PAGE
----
Sending troops into foreign lands with superior technology gives them an edge against hostile aggressors and terrorists. However, the latest pieces of technology—laser range finders, global positioning systems, and imaging displays—are worthless if they run out of electrical power. Bigger batteries are not the solution: The bigger the batteries, the heavier the soldier's pack becomes. That's why Ed Baker, a project manager at Pacific Northwest National Labs, is helping develop a new power generator that weighs approximately one-tenth of what lithium batteries would weigh if required to produce the same amount of electrical power. "Our system produces the hydrogen that fuel cells need to create power," says Baker. The power generator's fuel processor consists of a combustor, vaporizer, primary conversions reactor, and a gas clean-up device. A proprietary catalyst produces hydrogen from hydro-carbon fuels. Reactions take place in a catalytic converter. For more information, send e-mails to email@example.com.
During a teardown of the iPad Air and Microsoft Surface Pro 3 at the Medical Design & Manufacturing Show in Schaumburg, Ill., an engineer showed this "inflammatory" video about the dangers of maliciously mishandling lithium-ion batteries.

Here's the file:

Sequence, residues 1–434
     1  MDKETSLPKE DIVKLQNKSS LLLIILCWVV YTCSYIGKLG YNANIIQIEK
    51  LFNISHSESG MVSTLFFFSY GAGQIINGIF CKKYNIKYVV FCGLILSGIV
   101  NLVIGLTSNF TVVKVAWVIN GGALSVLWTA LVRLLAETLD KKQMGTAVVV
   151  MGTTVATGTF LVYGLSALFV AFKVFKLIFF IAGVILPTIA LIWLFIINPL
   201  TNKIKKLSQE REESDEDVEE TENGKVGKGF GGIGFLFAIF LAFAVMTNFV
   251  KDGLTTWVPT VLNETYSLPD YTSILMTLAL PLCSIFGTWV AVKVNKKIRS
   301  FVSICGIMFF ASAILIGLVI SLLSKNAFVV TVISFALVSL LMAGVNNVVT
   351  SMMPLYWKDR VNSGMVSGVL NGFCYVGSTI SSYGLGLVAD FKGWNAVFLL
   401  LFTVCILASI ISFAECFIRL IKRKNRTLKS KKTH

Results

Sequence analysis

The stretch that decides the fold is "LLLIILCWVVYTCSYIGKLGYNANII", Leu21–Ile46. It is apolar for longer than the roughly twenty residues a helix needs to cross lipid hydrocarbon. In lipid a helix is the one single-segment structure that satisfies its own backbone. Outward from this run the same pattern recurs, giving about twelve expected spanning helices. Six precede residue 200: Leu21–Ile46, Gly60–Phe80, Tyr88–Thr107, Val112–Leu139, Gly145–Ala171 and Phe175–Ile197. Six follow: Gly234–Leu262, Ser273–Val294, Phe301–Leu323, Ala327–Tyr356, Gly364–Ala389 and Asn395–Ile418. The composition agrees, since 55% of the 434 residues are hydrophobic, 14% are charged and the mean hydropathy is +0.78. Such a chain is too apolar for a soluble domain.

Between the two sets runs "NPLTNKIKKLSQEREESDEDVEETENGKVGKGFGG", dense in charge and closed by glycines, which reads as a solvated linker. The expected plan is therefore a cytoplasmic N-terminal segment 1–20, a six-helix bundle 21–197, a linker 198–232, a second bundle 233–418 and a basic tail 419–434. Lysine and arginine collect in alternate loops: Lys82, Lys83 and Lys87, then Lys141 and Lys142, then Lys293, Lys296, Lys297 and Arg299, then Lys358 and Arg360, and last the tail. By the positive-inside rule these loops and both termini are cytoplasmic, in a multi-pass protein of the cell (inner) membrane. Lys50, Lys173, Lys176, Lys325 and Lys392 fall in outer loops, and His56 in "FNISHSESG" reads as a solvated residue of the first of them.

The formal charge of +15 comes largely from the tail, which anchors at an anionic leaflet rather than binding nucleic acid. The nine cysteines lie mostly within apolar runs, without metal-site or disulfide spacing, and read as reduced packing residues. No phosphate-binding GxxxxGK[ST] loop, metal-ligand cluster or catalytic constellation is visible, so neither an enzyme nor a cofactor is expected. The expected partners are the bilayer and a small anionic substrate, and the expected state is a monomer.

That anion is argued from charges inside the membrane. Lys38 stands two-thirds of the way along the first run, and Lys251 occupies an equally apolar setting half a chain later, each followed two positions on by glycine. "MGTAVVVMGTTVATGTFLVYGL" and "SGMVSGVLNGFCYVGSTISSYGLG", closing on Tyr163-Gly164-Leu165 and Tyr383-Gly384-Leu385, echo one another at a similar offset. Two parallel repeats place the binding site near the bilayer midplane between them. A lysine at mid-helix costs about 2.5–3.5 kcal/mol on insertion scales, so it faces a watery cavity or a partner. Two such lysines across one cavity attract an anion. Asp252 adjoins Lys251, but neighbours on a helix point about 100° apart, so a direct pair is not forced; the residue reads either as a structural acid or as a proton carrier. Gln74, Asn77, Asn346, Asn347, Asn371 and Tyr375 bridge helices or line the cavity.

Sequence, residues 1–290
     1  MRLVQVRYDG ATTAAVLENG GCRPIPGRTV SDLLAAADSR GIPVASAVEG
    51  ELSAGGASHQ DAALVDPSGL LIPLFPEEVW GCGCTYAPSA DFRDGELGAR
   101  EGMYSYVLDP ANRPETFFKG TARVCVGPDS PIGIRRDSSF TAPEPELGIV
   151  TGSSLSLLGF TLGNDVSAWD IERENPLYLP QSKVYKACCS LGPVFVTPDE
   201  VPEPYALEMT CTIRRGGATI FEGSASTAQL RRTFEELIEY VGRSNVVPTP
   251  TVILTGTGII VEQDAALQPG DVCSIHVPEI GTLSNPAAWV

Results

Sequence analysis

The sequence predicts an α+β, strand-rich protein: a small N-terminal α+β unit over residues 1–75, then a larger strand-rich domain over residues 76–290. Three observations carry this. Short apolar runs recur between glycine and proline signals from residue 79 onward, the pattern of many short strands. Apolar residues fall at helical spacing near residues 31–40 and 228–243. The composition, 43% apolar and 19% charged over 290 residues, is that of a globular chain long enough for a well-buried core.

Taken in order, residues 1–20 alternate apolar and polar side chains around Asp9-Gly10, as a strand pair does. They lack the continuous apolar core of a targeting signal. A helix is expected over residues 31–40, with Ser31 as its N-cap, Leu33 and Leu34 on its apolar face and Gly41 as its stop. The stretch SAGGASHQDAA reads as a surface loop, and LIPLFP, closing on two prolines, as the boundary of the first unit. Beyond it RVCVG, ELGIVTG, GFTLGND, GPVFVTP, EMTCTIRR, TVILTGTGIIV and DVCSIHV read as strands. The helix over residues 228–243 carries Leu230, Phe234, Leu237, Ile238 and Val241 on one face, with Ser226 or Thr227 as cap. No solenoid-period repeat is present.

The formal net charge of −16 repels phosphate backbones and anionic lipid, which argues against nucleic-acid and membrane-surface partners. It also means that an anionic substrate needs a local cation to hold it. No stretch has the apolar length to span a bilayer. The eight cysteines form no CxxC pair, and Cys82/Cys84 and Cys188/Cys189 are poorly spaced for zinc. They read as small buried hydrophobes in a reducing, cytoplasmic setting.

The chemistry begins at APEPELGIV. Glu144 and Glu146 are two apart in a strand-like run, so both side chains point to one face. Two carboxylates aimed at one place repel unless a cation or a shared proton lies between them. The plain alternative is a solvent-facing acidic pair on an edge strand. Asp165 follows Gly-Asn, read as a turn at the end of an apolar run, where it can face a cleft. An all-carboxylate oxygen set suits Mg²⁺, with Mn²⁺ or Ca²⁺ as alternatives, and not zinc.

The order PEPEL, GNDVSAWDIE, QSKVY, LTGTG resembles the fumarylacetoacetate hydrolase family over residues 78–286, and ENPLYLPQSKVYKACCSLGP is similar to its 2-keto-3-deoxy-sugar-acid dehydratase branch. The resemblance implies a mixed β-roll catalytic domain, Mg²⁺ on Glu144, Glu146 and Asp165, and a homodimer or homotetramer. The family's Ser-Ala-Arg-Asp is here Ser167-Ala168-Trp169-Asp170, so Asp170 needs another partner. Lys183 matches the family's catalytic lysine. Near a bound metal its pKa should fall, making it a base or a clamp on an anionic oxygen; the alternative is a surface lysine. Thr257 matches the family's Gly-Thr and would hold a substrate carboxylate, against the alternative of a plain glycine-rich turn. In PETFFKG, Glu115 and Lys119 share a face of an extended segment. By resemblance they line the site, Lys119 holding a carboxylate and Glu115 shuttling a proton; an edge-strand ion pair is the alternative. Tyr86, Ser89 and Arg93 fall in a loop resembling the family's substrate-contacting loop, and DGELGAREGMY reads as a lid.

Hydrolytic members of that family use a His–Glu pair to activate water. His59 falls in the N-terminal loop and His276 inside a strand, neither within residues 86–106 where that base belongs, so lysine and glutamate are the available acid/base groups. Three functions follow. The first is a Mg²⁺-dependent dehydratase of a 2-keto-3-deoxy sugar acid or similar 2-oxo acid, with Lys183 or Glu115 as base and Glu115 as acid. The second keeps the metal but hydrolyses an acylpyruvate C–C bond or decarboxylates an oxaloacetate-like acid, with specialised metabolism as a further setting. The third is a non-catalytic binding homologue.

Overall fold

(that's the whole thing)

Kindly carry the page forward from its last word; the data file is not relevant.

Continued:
The Window Watcher stops the burglar before he does damage or enters the house. House alarm service companies set off alarms and call the service only after the burglar has damaged and entered the house.
If you’re designing a handheld device or industrial machine that will employ a user interface, then you’ll want to check out the upcoming Design News Continuing Education Center course, "Engineering Principles Behind Advanced User Interface Technologies.”
Focus on Fundamentals consists of 45-minute on-line classes that cover a host of technologies. You learn without leaving the comfort of your desk. All classes are taught by subject-matter experts and all are archived. So if you can't attend live, attend at your convenience.